4. Recommendations

After water related natural calamities like flood the governmental authorities should make necessary arrangements for testing the quality of drinking water in the affected area. Public should be informed about the provisions available in the public sector for testing water quality. The price charged for testing the quality of drinking water should be subsidized at least at the time of such calamities. Even though, chlorination is considered as the first and immediate step of purifying drinking water after a flood, it has some hidden dangers. If chlorine is added to water containing suspended or dissolved organic matter, the organic matter will consume chlorine and also may produce harmful bye products. So such measures require expert supervision which lacked in the study area.

5. Conclusion

A study was made on the socio-economic status of the flood affected people and role of government in ensuring safe drinking water in the open water sources of flood affected Mannar panchayath of Chengannur taluk. The water quality was subjected to various physico-chemical and microbiological analysis. The quality of water were calculated using two indices - WQI and OPI. Based on the results, the recommendations were made to improve the performance of the government in ensuring safe drinking water after a flood.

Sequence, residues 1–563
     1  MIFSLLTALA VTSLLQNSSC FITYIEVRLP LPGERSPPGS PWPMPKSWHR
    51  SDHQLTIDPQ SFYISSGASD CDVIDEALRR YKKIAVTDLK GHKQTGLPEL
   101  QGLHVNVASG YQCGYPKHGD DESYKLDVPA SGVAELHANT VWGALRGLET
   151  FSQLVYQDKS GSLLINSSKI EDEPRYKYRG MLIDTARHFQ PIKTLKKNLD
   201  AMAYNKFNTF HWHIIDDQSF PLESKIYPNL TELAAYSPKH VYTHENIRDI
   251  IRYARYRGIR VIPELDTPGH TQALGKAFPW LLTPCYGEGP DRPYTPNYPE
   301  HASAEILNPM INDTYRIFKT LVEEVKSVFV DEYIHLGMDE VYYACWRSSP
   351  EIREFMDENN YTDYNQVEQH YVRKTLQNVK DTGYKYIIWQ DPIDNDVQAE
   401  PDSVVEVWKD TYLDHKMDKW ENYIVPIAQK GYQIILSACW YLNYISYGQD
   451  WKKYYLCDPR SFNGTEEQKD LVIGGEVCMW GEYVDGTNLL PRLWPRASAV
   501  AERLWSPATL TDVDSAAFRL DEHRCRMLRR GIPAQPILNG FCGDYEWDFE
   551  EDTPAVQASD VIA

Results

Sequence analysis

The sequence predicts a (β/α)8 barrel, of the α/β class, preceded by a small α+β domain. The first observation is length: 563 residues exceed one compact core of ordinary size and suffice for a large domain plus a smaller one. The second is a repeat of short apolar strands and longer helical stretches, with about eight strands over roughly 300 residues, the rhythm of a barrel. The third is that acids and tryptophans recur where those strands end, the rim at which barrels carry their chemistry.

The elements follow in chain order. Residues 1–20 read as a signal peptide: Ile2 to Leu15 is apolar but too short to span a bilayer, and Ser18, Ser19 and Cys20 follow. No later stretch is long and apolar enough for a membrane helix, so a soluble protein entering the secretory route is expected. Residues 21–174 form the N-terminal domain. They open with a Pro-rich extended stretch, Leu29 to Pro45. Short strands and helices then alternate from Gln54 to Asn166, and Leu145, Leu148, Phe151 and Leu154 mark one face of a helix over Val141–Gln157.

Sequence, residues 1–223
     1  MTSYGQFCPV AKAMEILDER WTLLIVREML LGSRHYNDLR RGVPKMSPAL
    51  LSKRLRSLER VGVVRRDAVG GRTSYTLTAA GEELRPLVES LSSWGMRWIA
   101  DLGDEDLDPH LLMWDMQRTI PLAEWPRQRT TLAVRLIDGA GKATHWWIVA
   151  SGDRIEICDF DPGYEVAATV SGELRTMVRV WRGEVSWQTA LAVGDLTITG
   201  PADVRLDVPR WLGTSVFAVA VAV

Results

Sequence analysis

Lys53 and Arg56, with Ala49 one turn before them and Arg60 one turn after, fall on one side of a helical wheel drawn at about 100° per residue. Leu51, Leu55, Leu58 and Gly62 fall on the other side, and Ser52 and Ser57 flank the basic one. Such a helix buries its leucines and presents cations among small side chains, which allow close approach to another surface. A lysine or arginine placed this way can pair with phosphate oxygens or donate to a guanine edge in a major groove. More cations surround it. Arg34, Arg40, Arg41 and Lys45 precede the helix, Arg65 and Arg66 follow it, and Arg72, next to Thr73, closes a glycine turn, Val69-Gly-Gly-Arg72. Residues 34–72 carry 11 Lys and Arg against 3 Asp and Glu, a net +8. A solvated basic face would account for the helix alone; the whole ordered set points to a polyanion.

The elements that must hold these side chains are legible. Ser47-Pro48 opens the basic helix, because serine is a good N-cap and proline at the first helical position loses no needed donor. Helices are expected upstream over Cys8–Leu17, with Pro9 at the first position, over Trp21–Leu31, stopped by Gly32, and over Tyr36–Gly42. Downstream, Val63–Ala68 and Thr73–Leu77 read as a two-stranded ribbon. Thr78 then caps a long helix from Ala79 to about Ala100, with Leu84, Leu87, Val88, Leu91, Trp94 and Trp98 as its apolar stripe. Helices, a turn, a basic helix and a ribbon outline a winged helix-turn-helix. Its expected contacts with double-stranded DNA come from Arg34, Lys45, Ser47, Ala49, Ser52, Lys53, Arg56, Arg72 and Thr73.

Acknowledgements

The authors are thankful to University College, Thiruvananthapuram and Bishop Moore College, Mavelikara, Kerala, India for the facilities provided for the study.

Statement of Competing Interests

The authors have no competing interests.

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Published with license by Science and Education Publishing, Copyright © 2020 Aabha Benjamin and G. Prakash Williams

Creative CommonsThis work is licensed under a Creative Commons Attribution 4.0 International License. To view a copy of this license, visit http://creativecommons.org/licenses/by/4.0/

Cite this article:

Normal Style
Aabha Benjamin, G. Prakash Williams. Role of Government in Ensuring Safe Drinking Water after a Natural Disaster - A Case Study of Kerala Flood. Applied Ecology and Environmental Sciences. Vol. 8, No. 6, 2020, pp 373-378. http://pubs.sciepub.com/aees/8/6/7
MLA Style
Benjamin, Aabha, and G. Prakash Williams. "Role of Government in Ensuring Safe Drinking Water after a Natural Disaster - A Case Study of Kerala Flood." Applied Ecology and Environmental Sciences 8.6 (2020): 373-378.
APA Style